This means that you will, on average, not pay more than the max CPC, but a few high value opportunities may cost a bit more. If you set your max CPC bid cap at $2, they might pay $2.20 for a high value click but counteract it with a $1.70 click after.

As a quick note: Here at GrowMyAds, we rarely use ECPC as of 2022. When you’re ready to start testing Smart Bidding, we recommend jumping straight in and starting with the Maximize Conversions or Maximize Conversion Value bidding strategies with limits on either your cost-per-action (CPA) or return-on-ad-spend (ROAS) goals.

3. Maximize Conversions with no tCPA Set

One of Google’s bidding objectives is to “Maximize Conversions.” The focus here is to maximize the quantity of potential conversions; they’ll show your ad to as many people as possible who are likely to convert at any level.

You can choose to simply select the “Maximize Conversions” bidding strategy without setting a target cost per action (TCPA).

This gives Google free reign to find you as many placements as possible where users are likely to convert as possible, without restrictions on cost.

When You Should Use It

This is a good bidding strategy to use when your campaign is already converting underneath your ideal CPA goal, and you’re not maxing out your full campaign budget on a daily basis.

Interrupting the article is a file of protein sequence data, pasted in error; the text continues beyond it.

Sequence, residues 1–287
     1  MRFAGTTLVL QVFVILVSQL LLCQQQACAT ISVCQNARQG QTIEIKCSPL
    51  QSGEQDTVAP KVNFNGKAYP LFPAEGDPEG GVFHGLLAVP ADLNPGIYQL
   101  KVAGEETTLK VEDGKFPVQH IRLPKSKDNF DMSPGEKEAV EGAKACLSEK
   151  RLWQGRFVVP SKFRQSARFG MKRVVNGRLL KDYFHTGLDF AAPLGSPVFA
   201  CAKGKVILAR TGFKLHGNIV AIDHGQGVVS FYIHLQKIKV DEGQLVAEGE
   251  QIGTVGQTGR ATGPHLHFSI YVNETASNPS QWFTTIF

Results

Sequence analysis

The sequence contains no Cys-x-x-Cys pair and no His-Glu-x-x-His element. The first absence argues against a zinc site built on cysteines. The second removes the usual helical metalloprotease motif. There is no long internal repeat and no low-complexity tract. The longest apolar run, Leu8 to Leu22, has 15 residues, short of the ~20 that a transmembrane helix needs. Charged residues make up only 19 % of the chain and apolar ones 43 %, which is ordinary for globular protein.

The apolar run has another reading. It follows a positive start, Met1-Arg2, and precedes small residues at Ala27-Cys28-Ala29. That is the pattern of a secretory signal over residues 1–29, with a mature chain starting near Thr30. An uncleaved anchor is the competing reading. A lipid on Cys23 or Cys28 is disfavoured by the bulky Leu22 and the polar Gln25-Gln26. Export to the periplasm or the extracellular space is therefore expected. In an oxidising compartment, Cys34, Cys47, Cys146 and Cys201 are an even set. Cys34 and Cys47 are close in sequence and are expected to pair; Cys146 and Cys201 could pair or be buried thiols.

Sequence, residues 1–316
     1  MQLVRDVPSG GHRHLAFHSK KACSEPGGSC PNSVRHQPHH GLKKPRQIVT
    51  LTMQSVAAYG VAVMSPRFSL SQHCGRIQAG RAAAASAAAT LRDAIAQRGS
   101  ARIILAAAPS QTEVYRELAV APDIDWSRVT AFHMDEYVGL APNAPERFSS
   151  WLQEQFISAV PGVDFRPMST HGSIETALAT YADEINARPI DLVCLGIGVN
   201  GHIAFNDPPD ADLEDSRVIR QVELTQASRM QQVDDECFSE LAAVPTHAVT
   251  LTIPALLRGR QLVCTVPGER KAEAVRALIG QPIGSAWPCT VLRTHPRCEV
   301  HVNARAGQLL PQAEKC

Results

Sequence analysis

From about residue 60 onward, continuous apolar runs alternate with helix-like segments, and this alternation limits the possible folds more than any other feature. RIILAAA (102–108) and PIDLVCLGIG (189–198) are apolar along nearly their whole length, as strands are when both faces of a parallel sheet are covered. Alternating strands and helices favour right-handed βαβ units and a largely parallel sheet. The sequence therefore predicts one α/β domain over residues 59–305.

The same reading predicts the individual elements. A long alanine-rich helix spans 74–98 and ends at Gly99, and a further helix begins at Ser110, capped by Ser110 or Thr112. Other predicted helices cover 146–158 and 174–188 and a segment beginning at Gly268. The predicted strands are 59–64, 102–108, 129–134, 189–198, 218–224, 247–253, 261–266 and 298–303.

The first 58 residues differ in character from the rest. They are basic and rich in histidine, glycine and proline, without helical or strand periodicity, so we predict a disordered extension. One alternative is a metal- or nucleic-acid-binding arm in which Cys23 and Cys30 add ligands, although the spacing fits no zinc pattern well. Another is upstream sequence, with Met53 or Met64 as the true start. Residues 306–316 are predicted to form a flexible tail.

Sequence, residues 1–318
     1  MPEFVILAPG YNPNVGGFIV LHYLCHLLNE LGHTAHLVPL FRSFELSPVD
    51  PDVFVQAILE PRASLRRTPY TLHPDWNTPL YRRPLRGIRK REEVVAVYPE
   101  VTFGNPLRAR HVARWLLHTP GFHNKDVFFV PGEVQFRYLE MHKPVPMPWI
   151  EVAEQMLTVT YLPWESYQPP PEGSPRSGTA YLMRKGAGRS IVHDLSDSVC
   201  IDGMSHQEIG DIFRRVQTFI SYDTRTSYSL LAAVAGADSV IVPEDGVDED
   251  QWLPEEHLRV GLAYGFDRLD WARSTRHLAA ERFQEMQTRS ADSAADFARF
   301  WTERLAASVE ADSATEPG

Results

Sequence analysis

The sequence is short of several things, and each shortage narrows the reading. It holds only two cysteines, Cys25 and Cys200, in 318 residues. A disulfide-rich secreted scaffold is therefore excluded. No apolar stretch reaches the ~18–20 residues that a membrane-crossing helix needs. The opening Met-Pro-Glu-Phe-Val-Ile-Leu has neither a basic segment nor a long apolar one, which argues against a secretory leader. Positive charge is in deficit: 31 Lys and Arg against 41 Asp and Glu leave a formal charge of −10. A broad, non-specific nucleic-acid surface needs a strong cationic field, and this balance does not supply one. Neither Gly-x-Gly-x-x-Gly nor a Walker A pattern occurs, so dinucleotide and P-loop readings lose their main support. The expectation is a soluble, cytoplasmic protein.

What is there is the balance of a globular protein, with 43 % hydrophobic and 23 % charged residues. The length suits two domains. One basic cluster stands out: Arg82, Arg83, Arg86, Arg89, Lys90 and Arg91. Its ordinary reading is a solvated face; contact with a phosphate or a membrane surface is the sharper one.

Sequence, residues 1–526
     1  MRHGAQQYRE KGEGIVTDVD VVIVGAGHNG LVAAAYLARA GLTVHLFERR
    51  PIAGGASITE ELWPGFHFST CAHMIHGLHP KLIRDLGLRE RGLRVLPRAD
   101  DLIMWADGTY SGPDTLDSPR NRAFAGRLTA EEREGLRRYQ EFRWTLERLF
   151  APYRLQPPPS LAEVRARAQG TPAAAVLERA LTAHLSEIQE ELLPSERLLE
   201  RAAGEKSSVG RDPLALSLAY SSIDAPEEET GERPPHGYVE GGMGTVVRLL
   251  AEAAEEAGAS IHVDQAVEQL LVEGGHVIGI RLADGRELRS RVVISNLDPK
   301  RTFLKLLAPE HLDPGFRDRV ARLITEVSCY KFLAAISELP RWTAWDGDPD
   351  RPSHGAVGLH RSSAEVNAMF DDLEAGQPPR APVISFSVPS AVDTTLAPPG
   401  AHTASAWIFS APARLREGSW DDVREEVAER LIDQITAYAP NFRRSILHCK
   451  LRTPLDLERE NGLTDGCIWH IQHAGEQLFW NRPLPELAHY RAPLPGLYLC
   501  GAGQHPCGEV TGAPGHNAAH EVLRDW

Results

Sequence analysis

If, for example, the CPA goal is $150 but we’re only spending $100 on the campaign daily, that’s a good sign that this may be a solid bidding strategy.

The other scenario we find ourselves using Max Conversions bid strategy is on brand new campaigns within an account that has consistent conversion data. Setting a new campaign out of the gate to Max Conversions can help get lift early and jump start the learning phase.

We only recommend using this on a new campaign that you are confident has a high chance of working and you just want to get action quicker than starting with Manual then switching to a smart bid strategy after data collection.

4. Maximize Conversions with tCPA Goal Set

This bidding strategy is a branch off of the strategy above, but with more instructions given to Google.